77% of Organisations Unprepared for Cyber Attacks!

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Organisations remain unprepared and without a formal plan to respond to cyber security incidents, according to the annual Global Threat Intelligence Report (GTIR) announced by NTT Com Security, an NTT Group company. Analysing global threat trends since 2013, the 2016 report reveals that there has been little improvement in preparedness, with the latest figures indicating a slight increase in organisations that are not properly prepared, despite the rise in security attacks and data breaches.

Pulling information from 24 security operations centres, seven R&D centres, 3.5 trillion logs and 6.2 billion attacks in 2015, the GTIR shows that over the last three years, on average 77% of organisations fall into the ‘unprepared’ category, leaving just 23% with the capability to respond effectively to critical security incidents.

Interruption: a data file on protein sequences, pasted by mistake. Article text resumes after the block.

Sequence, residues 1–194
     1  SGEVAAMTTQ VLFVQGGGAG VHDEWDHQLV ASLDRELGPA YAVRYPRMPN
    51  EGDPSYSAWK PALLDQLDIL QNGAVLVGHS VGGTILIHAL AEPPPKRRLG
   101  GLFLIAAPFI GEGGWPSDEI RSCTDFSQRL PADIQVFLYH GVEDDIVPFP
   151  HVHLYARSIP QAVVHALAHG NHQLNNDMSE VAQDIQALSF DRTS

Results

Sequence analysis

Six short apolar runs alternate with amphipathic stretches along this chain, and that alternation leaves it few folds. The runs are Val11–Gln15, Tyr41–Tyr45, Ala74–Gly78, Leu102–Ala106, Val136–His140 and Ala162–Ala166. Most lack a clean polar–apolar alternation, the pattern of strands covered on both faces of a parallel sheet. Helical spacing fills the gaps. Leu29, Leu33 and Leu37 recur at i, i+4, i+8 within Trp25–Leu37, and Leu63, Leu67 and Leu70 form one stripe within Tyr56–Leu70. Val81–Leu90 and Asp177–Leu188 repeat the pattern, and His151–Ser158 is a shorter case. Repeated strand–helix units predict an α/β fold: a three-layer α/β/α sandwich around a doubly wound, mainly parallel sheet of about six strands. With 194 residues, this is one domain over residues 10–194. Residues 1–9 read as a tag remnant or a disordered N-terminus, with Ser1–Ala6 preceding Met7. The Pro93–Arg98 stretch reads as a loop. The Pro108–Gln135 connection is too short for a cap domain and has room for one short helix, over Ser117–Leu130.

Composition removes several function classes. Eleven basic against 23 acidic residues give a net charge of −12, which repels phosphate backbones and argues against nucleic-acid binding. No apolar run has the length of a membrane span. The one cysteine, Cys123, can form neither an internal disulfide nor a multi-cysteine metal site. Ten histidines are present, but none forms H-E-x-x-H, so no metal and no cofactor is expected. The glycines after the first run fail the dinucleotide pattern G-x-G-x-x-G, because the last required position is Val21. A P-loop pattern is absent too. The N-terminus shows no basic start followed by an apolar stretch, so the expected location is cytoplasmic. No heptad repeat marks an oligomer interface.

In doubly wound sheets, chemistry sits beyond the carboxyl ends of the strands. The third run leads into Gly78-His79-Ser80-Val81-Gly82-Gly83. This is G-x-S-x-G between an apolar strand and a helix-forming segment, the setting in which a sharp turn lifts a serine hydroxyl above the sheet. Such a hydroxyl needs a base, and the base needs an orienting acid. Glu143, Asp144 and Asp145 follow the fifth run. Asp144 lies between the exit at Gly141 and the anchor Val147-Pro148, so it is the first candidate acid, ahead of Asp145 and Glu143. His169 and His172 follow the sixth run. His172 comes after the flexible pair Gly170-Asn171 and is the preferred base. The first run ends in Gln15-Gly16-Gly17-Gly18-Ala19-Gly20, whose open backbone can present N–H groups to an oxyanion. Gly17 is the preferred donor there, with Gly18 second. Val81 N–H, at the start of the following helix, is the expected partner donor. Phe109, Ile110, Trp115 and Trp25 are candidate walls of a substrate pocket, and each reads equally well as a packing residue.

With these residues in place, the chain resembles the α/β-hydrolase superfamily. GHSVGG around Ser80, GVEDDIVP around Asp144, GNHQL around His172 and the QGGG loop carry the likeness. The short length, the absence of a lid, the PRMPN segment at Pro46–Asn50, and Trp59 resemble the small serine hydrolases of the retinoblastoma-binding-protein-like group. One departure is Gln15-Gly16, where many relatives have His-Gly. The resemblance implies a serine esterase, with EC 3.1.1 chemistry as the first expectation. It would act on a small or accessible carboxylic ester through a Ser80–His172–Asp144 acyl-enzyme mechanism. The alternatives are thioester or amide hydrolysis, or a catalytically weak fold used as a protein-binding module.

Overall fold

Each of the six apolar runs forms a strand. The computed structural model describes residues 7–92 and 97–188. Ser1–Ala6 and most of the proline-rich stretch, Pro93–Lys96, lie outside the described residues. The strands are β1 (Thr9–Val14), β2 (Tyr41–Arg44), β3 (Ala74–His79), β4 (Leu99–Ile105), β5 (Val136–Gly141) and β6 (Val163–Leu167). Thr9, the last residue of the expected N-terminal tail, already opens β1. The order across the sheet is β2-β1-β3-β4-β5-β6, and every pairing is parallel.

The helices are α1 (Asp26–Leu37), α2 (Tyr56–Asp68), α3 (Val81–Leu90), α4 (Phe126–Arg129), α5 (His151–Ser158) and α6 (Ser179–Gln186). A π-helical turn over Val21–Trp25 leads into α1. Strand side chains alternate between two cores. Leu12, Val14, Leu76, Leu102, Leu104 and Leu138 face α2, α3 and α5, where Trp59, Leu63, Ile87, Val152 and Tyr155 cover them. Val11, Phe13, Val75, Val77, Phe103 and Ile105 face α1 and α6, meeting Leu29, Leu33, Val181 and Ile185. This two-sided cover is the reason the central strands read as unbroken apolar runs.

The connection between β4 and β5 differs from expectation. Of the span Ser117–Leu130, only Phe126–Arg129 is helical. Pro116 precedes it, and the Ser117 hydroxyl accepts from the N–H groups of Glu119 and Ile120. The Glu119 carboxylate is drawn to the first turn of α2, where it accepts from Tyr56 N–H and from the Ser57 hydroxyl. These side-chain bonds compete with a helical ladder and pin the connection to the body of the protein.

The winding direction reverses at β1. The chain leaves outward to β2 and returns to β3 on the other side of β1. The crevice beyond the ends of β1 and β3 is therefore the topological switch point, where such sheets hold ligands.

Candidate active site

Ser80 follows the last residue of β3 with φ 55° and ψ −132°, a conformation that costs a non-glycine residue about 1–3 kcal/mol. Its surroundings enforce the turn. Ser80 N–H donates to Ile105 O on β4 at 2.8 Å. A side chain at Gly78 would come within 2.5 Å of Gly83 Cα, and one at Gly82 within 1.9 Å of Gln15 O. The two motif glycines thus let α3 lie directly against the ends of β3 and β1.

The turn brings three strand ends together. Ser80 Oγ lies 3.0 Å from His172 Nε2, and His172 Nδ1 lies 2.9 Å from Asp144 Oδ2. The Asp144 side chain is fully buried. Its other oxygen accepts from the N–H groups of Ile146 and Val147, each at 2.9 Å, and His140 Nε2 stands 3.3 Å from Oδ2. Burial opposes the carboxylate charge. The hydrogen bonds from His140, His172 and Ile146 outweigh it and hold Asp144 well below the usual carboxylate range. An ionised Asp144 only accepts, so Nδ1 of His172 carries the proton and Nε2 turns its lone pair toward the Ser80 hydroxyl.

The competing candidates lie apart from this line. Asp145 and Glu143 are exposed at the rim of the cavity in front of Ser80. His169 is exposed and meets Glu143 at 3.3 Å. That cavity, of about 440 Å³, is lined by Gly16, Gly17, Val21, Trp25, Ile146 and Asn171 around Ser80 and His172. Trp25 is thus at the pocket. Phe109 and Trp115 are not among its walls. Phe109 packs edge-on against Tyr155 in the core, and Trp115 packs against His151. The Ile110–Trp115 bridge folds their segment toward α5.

“Prevention and planning for cyber security incidents seems to be stagnating, according to the figures in both the GTIR and our recent Risk:Value report,” says Garry Sidaway, VP Security Strategy & Alliances, NTT Com Security.“This is a real concern and could be down to a number of reasons, not least the possibility of security fatigue – too many high profile security breaches, information overload and conflicting advice – combined with the sheer pace of technology change, lack of investment and increased regulation.

“Facing security challenges that didn’t exist last year, let alone a decade ago, and struggling with a shortfall in information security professionals, many organisations no longer have the necessary skills or resources to cope. Our mantra is prevention is better than cure and get the security basics right, including having a clear, well-communicated incident response plan.”

Although financial services was the leading sector for incident response in previous annual GTIR reports, the retail sector now takes the lead, with 22% of all response engagements, up from 12% the previous year. Retail – a popular target due to processing large volumes of personal information such as credit card details – experienced the highest number of attacks per client.